MIND CONTROL OR SLEDGEHAMMER? | Timothy Joseph, Author | Writing The Best Books & Essays



This essay is only for those unfortunate enough to have the same inability as me; one both frustrating and unhealthy. Those of us plagued with this deficit should perhaps get together and form support group so we don’t all go nuts—perhaps call it the SSA—Sledgehammer Swingers Anonymous. If we pool our brainpower, who knows, just maybe we could find a solution, or a mechanism to better endure the constant onslaught.

Life is all about choices and decisions. We make them usually based on what we think is best—but sometimes we don’t think it out and just react. Even a good decision (i.e. a purchase, a selection, a route, a statement) may turn out opposite what we expected. Our whole life is an accumulation of decisions and reactions, good, bad, and indifferent. And, unless you’re incredibly perceptive, astute, and downright lucky, some, if not many turned out to be wrong. How often have I looked back and thought, how could I be so stupid, or why didn’t I just stop there, or if only I had listened, or why on earth did I do that, and how about this one, I knew better, damn!

So we trek along the thousands of highways and byways of life, making decision after decision, big and small, and as we do, we tally up the good, indifferent, and stupid, hoping the unwise decisions don’t end up cutting off our thumb in the table saw, falling off the roof cleaning the gutters, lose our ass in the stock market, or hurt someone because of something we said or didn’t say.

Well, all you insightful people out there smart enough to accept and forget all those ‘stupid’ and sometimes ‘costly’ choices,  who learn from them, toss them in the trash, and just move on are the truly smart ones—not so for those of us in the SSA. What do we do? Why, we continually beat ourselves up for every big and small bad decision. Nothing is more stupid or destructive than to keep kicking yourself for something you did, said, didn’t say, bought, sold, built wrong, didn’t build, broke, ruined, selected, didn’t select, didn’t do, didn’t see, ignored, listened to, should have done, or wish you’d known. History can’t be changed—not the good or the stupid.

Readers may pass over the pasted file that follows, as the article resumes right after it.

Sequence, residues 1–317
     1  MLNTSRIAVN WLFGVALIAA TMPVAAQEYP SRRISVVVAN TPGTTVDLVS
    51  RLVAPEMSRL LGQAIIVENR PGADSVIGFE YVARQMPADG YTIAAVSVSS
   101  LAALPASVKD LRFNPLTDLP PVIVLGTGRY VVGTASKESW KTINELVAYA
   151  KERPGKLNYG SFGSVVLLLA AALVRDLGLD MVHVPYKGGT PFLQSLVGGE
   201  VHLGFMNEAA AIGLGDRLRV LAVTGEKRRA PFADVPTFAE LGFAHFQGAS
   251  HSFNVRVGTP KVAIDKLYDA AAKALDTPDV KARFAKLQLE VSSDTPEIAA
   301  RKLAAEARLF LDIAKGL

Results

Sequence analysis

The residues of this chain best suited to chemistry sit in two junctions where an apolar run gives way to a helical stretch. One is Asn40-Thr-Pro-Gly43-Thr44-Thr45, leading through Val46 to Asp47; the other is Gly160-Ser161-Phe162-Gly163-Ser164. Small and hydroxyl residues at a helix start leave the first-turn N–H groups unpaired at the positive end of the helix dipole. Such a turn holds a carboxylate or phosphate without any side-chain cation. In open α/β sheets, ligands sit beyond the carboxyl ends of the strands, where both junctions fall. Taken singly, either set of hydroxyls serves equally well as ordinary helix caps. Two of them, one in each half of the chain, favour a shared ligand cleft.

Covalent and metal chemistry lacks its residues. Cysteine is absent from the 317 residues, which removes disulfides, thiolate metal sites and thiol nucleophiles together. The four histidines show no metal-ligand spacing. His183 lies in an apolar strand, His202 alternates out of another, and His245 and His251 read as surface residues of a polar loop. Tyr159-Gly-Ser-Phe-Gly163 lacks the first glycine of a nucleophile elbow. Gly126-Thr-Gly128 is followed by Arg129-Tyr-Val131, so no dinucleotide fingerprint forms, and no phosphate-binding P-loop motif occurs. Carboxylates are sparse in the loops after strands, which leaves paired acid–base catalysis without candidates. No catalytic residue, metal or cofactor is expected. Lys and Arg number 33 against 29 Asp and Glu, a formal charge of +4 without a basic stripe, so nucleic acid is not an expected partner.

When an SSA member’s head hits the pillow, instead of the good and wonderful popping up, we lie there kicking ourselves over that huge bank account of stupidity we deposited over the years. One by one, we pull out a deposit of stupidity and ask ‘Why?’ Some of us are so rash, we go all the back to high school and wish we’d been different; college, career, relationships, and all the should-of, could-of, would-of, and all the if only we’d be smarter—now how dumb is that? And we keep dredging deeper—never a break. Case-in-point; it’s 2:21am and guess why I’m up writing this? Yup—can’t sleep because my mind has dredged up a bunch of sludge—I should be president of the SSA.

The sad thing is that mind control is not at all easy to do for some of us. We may completely understand it makes no sense to dwell on the negative and everyone makes mistakes—but understanding doesn’t always lead to implementation. How does one control what they think, or where their mind takes them? How do we “Focus” on all the positive and put aside the negative? How do we change our direction of thought—or can we? Can Yoga help? I don’t know, I think I’ll give it an honest try.

What I do know is I’m not alone in the stupidity department, and maybe I’ve made more stupid decisions than the average bloke, but I absolutely do know I really need to find an eraser and put it to work or at least block out the stupids and highlight the wondrous. Too, I know the “wondrous” far outweigh and outnumber the stupid, so if I can only shift my mind to the bigger portion of my life, I’d be home free.

Other than a sledgehammer to my head, I really have no clue on how to control the direction of my thoughts—I wish I did—for I’d share it with you if you’re in the SSA. However, since I don’t know how to control my mind’s eye, I’m going to try to blind it instead. How? By forcing the wondrous to the forefront, and in doing so, make no room for the stupid. I’m going to drown out the negative. Look, taking a sledgehammer to my head might do the trick, but my wife refuses, and besides, it seems she tossed the sledgehammer in the lake—so why not follow her example and drown the ‘stupid’ as well? If you’re an SSA members why not give it a try—your president is going to—here’s hoping.  tj




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